Nevada psychedelics activists say they’ve had a “productive meeting” with the Republican governor’s office about the need to expeditiously form a task force under a law enacted earlier this year in order to inform future reform—including the possible legalization of plant-based medicines.
About six months after Gov. Joe Lombardo (R) signed legislation into law establishing a Psychedelic Medicines Working Group, members have not yet been formally appointed and no meetings have been scheduled, despite a mandate for the body to issue a report with policy recommendations by the end of 2024.
To that end, Nevada Coalition for Psychedelic Medicines (NCPM) co-founders Jon Dalton and Kate Cotter met with staff from Lombardo’s office last month and discussed the timeliness of filling the vacancies and beginning the work so lawmakers are adequately informed on the issue and positioned to consider additional reform in the 2025 legislative session.
“Our dialogue centered on the imperative for legalized access to these substances, and the collaborative efforts required with law enforcement to enhance awareness of both the benefits and risks associated with them,” Cotter told Marijuana Moment. “We’re hopeful that the governor will be appointing the working group members within the next month.”
The law Lombardo signed in June called for the creation of a 15-member work group under the state Department of Health and Human Services (HHS), tasked with studying the science of psychedelics “including but not limited to” psilocybin and psilocin in overall wellness and the treatment of mental health conditions such as PTSD, substance use disorder and major depressive disorder, and during end of life care.
The group will further need to look at federal, state and local laws governing the therapeutic use of psychedelics and then develop an “actionable plan on how to enable access to therapeutic entheogens and compounds…that are safe, accessible, and affordable.”
The law states that the task force must carry out it work during the 2023-2024 interim period before submitting a report with findings and recommendations to the legislature by December 31, 2024.
The governor’s office will need to fill seven of the 15 vacancies, and those appointed members must include a military veteran with experience using psychedelics for PTSD, a psychiatrist with substance misuse treatment experience, a person with experiencing treating PTSD in a clinical setting, a scientist with a background in federally authorized psychedelics research, a tribal representative, an advocate for psychedelics medicine and a law enforcement official.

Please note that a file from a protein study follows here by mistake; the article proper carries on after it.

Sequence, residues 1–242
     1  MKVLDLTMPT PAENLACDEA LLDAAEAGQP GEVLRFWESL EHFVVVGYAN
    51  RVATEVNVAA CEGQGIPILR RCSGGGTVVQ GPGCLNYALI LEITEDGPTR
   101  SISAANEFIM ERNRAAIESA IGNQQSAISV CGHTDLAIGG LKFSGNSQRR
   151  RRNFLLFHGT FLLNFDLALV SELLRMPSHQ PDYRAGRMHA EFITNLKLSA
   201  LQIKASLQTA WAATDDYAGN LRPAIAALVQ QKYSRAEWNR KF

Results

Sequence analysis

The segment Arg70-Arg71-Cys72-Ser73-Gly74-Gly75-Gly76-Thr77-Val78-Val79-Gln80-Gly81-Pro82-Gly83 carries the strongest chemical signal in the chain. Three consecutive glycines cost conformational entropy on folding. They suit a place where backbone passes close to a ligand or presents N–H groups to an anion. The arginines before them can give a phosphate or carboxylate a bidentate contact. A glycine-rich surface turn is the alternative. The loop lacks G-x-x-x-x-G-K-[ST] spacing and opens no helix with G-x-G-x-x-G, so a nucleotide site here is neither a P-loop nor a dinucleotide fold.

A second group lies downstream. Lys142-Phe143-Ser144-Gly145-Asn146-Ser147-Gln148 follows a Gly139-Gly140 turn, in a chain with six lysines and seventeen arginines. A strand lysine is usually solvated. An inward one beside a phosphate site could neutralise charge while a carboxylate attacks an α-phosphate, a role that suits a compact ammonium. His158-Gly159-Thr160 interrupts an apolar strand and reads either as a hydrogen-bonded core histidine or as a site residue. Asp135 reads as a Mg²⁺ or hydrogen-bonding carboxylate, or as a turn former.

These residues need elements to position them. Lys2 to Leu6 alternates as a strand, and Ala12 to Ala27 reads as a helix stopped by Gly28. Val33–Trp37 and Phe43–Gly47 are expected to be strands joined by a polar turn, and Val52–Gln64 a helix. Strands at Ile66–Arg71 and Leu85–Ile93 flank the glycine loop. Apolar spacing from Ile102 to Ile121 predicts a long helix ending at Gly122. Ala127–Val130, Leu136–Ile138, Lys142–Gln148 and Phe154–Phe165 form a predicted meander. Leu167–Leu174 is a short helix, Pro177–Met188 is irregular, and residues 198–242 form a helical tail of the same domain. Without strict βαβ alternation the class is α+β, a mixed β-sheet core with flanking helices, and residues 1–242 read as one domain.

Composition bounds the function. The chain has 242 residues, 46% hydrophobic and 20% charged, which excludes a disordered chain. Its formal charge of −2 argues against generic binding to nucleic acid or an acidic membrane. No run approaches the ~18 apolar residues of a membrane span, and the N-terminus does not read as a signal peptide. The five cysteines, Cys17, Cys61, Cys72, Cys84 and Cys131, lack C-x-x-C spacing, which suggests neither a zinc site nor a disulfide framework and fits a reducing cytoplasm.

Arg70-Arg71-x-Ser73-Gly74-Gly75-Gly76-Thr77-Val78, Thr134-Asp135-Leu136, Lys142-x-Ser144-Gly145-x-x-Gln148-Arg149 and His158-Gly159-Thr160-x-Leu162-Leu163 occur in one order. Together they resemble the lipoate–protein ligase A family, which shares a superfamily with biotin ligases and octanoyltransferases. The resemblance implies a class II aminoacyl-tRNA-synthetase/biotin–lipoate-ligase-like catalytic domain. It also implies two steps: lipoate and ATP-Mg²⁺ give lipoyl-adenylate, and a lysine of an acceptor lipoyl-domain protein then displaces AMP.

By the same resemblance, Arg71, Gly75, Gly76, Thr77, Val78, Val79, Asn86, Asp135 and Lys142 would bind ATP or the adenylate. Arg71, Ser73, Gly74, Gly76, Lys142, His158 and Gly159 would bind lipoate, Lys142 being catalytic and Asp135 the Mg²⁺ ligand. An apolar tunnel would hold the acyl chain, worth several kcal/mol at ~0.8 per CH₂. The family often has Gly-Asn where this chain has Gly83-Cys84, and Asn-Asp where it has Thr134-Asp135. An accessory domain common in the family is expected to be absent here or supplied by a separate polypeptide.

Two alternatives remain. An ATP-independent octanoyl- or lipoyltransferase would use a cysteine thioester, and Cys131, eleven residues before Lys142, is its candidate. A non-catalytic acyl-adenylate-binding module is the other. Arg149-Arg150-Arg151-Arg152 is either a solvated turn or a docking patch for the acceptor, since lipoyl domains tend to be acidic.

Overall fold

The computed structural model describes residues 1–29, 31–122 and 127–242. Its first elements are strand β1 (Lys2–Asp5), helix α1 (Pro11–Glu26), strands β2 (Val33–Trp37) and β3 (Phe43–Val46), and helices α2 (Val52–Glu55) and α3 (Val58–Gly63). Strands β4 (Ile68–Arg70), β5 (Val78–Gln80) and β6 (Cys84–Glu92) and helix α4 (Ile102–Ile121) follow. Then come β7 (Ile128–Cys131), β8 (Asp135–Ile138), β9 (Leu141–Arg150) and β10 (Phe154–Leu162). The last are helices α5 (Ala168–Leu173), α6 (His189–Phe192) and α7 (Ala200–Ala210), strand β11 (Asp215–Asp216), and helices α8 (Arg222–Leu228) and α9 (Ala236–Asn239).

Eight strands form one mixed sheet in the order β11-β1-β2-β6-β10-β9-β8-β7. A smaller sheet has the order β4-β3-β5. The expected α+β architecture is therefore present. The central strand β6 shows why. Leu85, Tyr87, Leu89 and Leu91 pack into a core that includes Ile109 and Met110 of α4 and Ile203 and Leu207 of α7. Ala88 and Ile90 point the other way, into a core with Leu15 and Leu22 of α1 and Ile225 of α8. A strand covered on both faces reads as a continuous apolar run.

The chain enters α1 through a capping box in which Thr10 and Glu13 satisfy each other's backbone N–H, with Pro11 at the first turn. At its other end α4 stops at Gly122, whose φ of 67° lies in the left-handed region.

Additional members of the working group must include designees of the state attorney general, director of HHS, director of veterans services and president of the Nevada Board of Pharmacology. Another four members will be appointed by majority and minority leaders of each legislative chamber.
“In the past year, many legislative efforts concluded with the establishment of working groups tasked with assessing the optimal means of harnessing the remarkable potential of substances such as psilocybin and MDMA,” Cotter of NCPM said. “Once formed, we anticipate this working group will carefully examine the approaches taken by Oregon and Colorado, in addition to highlighting the advancements made by organizations like MAPS, to produce a favorable report.”
“This report will further underscore the imperative to modernize our outdated laws regarding drug policy,” Cotter said.
Nevada is one of several states where lawmakers have worked to establish investigatory panels and pilot programs focused on psychedelics amid growing public interest in expanding therapeutic access and ending criminalization for substances like psilocybin, ibogaine and MDMA.
For example, a study group in Indiana’s legislature is encouraging lawmakers to authorize a psilocybin pilot program to research psychedelic-assisted therapy for mental health in the 2024 session.
The governor of Massachusetts filed a bill in November to create a psychedelics working group to study and make recommendations about the potential therapeutic benefits of substances like psilocybin and MDMA for military veterans. This comes as advocates await state verification of signatures they’ve submitted for a 2024 psychedelics legalization ballot initiative.
A New York lawmaker recently introduced a bill that would create a pilot program to provide psilocybin therapy to 10,000 people, focusing on military veterans and first responders, while the legislature also considers broader psychedelics reform.
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Back in Nevada, while the governor’s office must still make appointments for the psychedelics work group, Lombardo did recently announce that he’s selected a new top regulator for the state’s marijuana industry.
Nevada officials have also adopted a proposal to amend hiring standards for police officers to allow job candidates who were previously disqualified for certain marijuana-related offenses to now be eligible for law enforcement positions.
On Monday, a new law took effect that makes several adjustments to marijuana rules, including doubling the state’s limit on personal possession and expanding cannabis business license eligibility for people with prior felony convictions.
In May, the state Senate approved a resolution urging Congress to federally legalize marijuana, and the Nevada State Athletic Commission (NSAC) voted to send a proposed regulatory amendment to the governor that would formally protect athletes from being penalized over using or possessing marijuana in compliance with state law.
Regulators this summer also began approving the state’s first conditional licenses for marijuana consumption lounges.